TRANSLATION OF AN ADDRESS GIVEN BY DAVID HILBERT IN KONIGSBERG, FALL
The following is a translation of an address given by
David Hilbert at the meeting of the Society of German Scientists and Physicians
in Konigsberg in fall 1930, on the occasion of presentation to Hilbert
(upon his retirement) of an honorary citizenship of the town. Reidemeister
and Szego made arrangements for Hilbert to repeat the last part of his speech
over the local radio station; a record of this talk pronounced at the
broadcasting studio exists and was recently acquired by Victor
Katsnelson. He kindly supplied his colleague
Victor Vinnikov with the transcript of Hilbert's address,
which was then diligently translated to English by Amelia and Joe Ball.
For more details on Hilbert's address and surrounding circumstances,
see Constance Reid's book "Hilbert", Chapter 22. For the German
original of the address, please contact
ADDRESS BY DAVID HILBERT
The tool implementing the mediation between theory and practice,
between thought and observation, is mathematics. Mathematics
builds the connecting bridges and is constantly
enhancing their capabilities.
Therefore it happens that our entire contemporary
culture, in so far as it rests on intellectual penetration and utilization
of nature, finds its foundations in mathematics.
Already some time ago Galileo said "Only one who has learned the
language and signs in which nature speaks to us can understand nature."
This language however is mathematics, and these signs are
the figures of mathematics.
Kant remarked "I maintain that, in any particular natural science,
genuine scientific content can be found only in so far as
mathematics is contained therein."
In fact we do not have command of a scientific theory until we have
peeled away and fully revealed the mathematical kernel.
Without mathematics, modern astronomy and physics would be impossible.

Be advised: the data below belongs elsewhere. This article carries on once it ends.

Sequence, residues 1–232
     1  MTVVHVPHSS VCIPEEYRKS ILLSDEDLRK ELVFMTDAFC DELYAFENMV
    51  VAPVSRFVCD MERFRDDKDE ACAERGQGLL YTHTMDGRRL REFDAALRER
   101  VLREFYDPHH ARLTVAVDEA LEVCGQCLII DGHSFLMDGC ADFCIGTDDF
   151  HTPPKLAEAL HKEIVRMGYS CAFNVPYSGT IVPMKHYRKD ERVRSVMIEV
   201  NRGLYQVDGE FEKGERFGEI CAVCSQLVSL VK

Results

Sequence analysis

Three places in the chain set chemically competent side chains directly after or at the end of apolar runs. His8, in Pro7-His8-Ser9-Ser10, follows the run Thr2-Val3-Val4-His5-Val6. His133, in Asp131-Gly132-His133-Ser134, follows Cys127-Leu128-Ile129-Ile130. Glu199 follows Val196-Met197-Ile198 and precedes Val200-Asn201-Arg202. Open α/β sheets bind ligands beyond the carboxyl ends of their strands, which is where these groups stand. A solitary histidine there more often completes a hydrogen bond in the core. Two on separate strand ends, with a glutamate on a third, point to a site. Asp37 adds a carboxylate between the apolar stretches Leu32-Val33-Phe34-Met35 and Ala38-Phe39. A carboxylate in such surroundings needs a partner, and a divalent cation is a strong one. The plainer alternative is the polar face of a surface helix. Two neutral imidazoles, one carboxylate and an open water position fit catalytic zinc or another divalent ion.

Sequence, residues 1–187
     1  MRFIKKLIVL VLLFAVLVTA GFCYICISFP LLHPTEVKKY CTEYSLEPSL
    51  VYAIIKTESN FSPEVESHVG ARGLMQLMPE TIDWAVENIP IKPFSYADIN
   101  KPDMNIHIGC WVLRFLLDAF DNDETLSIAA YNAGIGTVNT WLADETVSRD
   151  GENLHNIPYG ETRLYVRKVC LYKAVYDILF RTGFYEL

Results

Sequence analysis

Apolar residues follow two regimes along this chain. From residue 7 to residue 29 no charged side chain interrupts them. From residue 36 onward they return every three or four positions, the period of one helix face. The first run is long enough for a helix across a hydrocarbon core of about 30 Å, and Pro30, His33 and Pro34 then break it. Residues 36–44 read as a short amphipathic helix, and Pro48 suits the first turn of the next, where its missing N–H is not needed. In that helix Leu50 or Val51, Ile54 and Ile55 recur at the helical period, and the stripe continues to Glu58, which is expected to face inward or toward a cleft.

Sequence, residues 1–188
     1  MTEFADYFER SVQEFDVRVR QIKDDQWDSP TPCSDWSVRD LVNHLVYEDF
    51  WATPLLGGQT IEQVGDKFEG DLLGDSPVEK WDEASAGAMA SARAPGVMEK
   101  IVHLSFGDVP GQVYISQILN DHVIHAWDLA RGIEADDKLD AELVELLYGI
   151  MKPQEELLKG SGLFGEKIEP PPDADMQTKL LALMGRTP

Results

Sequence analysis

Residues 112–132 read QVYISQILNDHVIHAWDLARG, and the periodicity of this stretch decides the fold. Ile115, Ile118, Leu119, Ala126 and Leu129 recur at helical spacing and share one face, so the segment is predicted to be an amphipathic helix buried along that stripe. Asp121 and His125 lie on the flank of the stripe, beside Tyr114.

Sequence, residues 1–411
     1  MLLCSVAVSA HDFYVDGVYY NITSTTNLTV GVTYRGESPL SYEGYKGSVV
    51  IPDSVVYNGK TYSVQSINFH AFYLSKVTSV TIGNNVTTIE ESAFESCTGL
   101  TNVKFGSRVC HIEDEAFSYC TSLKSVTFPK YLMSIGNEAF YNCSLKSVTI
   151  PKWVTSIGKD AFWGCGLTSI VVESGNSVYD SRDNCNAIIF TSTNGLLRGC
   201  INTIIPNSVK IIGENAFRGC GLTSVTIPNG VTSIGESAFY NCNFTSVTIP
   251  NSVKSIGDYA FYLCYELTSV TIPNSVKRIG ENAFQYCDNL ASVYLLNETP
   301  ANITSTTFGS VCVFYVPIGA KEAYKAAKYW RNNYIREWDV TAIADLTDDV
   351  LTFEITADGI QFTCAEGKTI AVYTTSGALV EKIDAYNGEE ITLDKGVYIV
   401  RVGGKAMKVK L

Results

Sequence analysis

The theoretical parts of these sciences almost dissolve into
branches of mathematics. Mathematics owes its
prestige, to the extent that it has any among the general public,
to these sciences along with their numerous broader applications.
Although all mathematicians have denied it, the applications serve
as the measure of worth of mathematics.
Gauss speaks of the magical attraction which made number theory the
favorite science of the first mathematician---not to mention the
inexhaustible richness of number theory which far surpasses that of any
other field of mathematics.
Kronecker compares number theorists with the lotus eaters, who,
once they started eating this food, could not let go of it.
The great mathematician Poincare once sharply disagreed with Tolstoy's
declaration that the proposition "science for the sake of
science" would be silly.
The achievements of industry for example would not have seen the light of the
world if only applied people had existed and if uninterested
fools had failed to promote these achievements.
The honor of the human spirit, so said the famous Konigsburg
mathematician Jacobi, is the only goal of all science.
We ought not believe those who today, with a philosophical
air and reflective tone, prophesy the decline of culture,
and are pleased with themselves in their own ignorance. For
us there is no ignorance, especially not, in my opinion, for
the natural sciences.
Instead of this silly ignorance, on the contrary let our fate be:
"We must know, we will know".